We all know, as is the experience in Bangladesh, a government can turn off the internet or mobile phone networks in response to what a government says is an emergency. People have also been charged with unlawful behaviour when, in many other countries, their activity is regarded as legitimate free speech in the interests of a better society. The problem with a heavy-handed approach is that it can interfere in the conduct of everyday life and progressive business and social, cultural or economic development. As another solution, we hear of the use of advanced forms of surveillance to provide better alerts to extremism online, but we all know that systems have a habit of failing or being abused by intelligence agencies. While acceptable in some countries, reports indicate that these products are abused in their application as they are used for purposes other than crime and terrorism prevention.
In my opinion, the solution to online extremism is, in the end, political and ethical. We cannot and should not control the internet as if it was a village water pump, nor is it simply a matter of breaking up the giant companies into smaller parts—the same problems can still occur because the companies and numbers involved will still be massive.
In contrast, it is remarkable that Prime Minister Jacinda Ardern of New Zealand, a woman in her 30s, a digital native, appears to have a new political language of inclusion, and the capacity to shame commercial social media giants.
Perhaps, just perhaps, she will inspire, even lead, younger leaders in other nations to take on the seemingly impossible challenge of challenging the social media giants and their wicked association with intolerance and simplistic commercial imperatives. Higher education and civil society also have a critical role to play here in making this happen.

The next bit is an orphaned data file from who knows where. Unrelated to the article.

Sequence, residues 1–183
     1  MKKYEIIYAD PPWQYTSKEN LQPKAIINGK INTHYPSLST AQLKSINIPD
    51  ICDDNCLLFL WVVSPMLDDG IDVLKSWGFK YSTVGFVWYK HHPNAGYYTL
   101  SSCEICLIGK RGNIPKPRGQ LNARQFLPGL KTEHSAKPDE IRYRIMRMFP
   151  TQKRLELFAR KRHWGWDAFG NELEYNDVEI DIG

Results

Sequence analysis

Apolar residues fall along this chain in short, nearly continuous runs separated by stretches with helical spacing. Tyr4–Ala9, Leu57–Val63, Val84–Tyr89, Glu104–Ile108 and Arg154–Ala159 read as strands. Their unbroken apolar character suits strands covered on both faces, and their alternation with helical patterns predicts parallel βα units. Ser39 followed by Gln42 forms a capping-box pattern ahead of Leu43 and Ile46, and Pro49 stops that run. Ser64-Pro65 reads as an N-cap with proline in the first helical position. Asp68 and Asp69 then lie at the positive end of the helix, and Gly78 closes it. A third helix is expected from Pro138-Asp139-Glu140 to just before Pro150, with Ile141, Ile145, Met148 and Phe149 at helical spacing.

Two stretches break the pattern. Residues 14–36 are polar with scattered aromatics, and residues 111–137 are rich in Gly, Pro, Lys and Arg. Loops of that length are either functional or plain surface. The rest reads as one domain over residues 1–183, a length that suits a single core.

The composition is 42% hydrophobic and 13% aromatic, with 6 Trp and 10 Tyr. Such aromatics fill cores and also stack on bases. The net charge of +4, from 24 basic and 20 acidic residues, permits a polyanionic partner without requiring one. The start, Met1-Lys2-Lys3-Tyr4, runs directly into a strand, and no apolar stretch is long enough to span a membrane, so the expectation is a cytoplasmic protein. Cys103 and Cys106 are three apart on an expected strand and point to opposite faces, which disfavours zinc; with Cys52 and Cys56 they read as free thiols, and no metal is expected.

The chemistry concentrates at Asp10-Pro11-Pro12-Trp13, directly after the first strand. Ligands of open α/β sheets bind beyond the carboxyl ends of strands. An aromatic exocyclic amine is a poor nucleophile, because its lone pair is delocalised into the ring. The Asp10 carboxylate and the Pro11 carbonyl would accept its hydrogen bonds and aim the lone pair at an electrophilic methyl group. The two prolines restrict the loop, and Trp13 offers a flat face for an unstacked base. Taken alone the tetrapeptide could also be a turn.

The study of ethics is neglected in IT education: the technical and commercial outcome is what is regarded as legitimate, rather than the goal of attaining the good and preventing evil. Students (and their teachers) need to be aware of what they are involved with when it comes to the development of social media products or any product that deals with personal data. As an example of this kind of work, at Monash University, we have a cohort of Bangladeshi women doing their PhD with a great concern for the ethical development of the IT for social progress in Bangladesh.
Thus, in Bangladesh or elsewhere, young people who take on jobs working for local technological industries or global social media platforms should be actively conscious of the moral and ethical issues and values that should be designed into social media platforms. They should have values that promote a good society to prevent its hijacking by extremism and unethical commercial imperatives. I also know that NGOs around the world, including those in Bangladesh, feel that they have a role to play in developing more effective public policies rather than a policing environment.
This change is not a dream. The time is ripe for a fundamental change to occur in what social media is, and therein lies an opportunity for this to happen with “digital natives”, inspired by politicians like PM Jacinda Ardern, progressive academicians, and civil society organisations.
Larry Stillman, PhD, is a Senior Research Fellow in the Faculty of IT at Monash University, Australia. He is a frequent visitor to Bangladesh engaged in ICT for development research with NGOs and universities.